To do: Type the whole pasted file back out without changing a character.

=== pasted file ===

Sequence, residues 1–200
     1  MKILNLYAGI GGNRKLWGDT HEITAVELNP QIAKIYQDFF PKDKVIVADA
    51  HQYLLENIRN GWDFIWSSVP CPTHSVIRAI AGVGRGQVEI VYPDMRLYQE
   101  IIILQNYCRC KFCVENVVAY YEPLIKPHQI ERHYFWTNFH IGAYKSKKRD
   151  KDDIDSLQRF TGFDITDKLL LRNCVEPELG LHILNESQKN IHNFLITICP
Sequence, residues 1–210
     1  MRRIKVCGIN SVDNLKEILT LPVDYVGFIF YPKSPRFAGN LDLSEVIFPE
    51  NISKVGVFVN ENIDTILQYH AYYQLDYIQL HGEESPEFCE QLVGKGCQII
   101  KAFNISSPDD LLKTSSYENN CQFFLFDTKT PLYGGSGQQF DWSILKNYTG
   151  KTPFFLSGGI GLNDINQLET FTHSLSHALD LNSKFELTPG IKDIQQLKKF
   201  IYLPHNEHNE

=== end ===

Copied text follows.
Sequence, residues 1–200
     1  MKILNLYAGI GGNRKLWGDT HEITAVELNP QIAKIYQDFF PKDKVIVADA
    51  HQYLLENIRN GWDFIWSSVP CPTHSVIRAI AGVGRGQVEI VYPDMRLYQE
   101  IIILQNYCRC KFCVENVVAY YEPLIKPHQI ERHYFWTNFH IGAYKSKKRD
   151  KDDIDSLQRF TGFDITDKLL LRNCVEPELG LHILNESQKN IHNFLITICP
Sequence, residues 1–210
     1  MRRIKVCGIN SVDNLKEILT LPVDYVGFIF YPKSPRFAGN LDLSEVIFPE
    51  NISKVGVFVN ENIDTILQYH AYYQLDYIQL HGEESPEFCE QLVGKGCQII
   101  KAFNISSPDD LLKTSSYENN CQFFLFDTKT PLYGGSGQQF DWSILKNYTG
   151  KTPFFLSGGI GLNDINQLET FTHSLSHALD LNSKFELTPG IKDIQQLKKF
   201  IYLPHNEHNE